However, when I turned on the radio first thing Saturday and heard that nearly 130 people had died, my stomach flipped and my heart began to race. As the day wore on, and I continued to monitor the news, my distress grew, along with my need to perform compulsions.
My OCD is exacerbated not only by bad news close to home, but also by upsetting events further afield that don't directly affect me. The more crazy and out of control the world becomes, the stronger the urge to order my environment: exerting even a little control eases my anxiety.
Over the years, all kinds of horrific incidents have triggered the same response, including the attack on the Charlie Hebdo offices in Paris earlier this year. Although natural disasters usually cause more deaths, it's the instances of human evil that disturb me the most.
I'd already had a difficult couple of weeks, with the sudden death of a friend's wife and a burglary at my boyfriend's flat. Factor in my rising anxiety about performing in public and I was in a pretty wobbly state. The Paris attacks were the final ingredient in a perfect storm of mental distress.
By early afternoon, when I had to leave for my talk, my compulsions were as bad as when my OCD was at its worst, 20 years ago: I was unable to leave my flat until everything was exactly where it should be. These days, I usually only find myself in that position when I'm going away for a prolonged period, not for an absence of a few hours.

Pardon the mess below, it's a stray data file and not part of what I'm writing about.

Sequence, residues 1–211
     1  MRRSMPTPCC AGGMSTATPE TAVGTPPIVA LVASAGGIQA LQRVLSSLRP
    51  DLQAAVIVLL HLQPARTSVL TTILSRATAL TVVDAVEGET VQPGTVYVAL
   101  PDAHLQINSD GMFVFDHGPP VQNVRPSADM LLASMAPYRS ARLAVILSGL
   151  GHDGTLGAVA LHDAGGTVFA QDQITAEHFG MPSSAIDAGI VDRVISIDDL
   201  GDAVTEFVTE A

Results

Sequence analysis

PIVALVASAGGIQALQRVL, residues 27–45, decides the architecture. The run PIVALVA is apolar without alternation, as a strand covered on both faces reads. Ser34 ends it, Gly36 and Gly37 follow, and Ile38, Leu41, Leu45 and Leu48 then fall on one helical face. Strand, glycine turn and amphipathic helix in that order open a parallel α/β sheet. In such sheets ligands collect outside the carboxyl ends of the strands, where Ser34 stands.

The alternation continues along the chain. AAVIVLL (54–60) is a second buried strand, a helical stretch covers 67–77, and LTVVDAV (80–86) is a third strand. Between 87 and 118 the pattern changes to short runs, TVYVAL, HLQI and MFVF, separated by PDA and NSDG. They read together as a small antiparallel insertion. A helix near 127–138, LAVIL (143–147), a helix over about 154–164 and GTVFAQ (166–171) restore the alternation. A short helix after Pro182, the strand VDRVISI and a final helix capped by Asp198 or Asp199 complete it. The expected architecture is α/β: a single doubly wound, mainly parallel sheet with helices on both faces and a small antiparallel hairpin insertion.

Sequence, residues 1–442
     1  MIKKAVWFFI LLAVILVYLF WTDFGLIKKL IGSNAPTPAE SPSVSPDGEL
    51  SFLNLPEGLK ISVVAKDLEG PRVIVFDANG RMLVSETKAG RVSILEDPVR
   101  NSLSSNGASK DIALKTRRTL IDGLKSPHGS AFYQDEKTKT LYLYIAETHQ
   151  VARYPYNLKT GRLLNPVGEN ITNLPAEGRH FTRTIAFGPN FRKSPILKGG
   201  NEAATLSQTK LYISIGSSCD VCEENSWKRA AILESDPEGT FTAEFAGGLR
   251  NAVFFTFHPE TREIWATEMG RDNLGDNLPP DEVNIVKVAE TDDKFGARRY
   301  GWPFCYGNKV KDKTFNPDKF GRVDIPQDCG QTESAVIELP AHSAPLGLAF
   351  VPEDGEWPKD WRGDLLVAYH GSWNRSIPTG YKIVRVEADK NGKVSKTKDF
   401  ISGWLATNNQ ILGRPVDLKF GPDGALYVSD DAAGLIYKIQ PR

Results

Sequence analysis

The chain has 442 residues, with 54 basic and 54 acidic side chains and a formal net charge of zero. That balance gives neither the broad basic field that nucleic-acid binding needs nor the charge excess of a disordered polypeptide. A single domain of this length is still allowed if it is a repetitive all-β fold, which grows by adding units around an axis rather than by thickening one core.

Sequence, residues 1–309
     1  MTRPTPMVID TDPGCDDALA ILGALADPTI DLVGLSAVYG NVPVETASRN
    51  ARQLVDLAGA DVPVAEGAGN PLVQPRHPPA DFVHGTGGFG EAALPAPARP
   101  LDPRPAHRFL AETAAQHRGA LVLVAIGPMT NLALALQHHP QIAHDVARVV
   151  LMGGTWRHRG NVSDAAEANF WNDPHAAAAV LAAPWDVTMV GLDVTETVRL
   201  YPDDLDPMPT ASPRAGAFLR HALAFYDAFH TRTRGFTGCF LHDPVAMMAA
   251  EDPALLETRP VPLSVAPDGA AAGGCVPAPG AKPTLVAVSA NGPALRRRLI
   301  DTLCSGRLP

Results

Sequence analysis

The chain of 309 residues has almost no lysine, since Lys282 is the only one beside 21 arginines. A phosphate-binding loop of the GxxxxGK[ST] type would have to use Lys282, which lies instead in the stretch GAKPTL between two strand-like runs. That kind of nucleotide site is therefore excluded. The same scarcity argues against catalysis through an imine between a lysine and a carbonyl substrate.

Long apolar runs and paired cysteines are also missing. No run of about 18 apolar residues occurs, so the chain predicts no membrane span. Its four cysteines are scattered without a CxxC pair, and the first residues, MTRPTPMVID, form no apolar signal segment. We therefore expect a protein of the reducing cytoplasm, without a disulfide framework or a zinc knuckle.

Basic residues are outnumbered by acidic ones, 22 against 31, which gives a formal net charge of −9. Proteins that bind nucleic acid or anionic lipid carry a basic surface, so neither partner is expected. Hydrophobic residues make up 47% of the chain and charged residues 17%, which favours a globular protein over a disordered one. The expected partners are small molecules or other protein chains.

On the news yesterday, countless people were saying we shouldn't be frightened and should go about our business as usual, or the terrorists would have won. I couldn't help being frightened, though, and as for carrying on as normal...
Only days earlier, I'd been thinking of treating myself to a trip on the Eurostar to Paris. Now I was suddenly scared even to go into central London - into any big city. I just wanted to curl up in a ball in my flat, where I may not be immune to all harm, but would most likely be safe from terrorists.
Then it suddenly came to me: I could fight back, in spite of my fear, by reining in my now rampant compulsive behaviours. The terrorists may have wormed their way into my mind, but I wasn't going to let them take it over.
I began to work on reducing my compulsions to their usual mild level, but soon found myself taking this further, using exposure exercises (ie deliberately leaving things out of place) to tackle my most entrenched - and 'accepted' - habits.
|Image courtesy of 9comeback/FreeDigitalPhotos.net|
RIP to all the victims.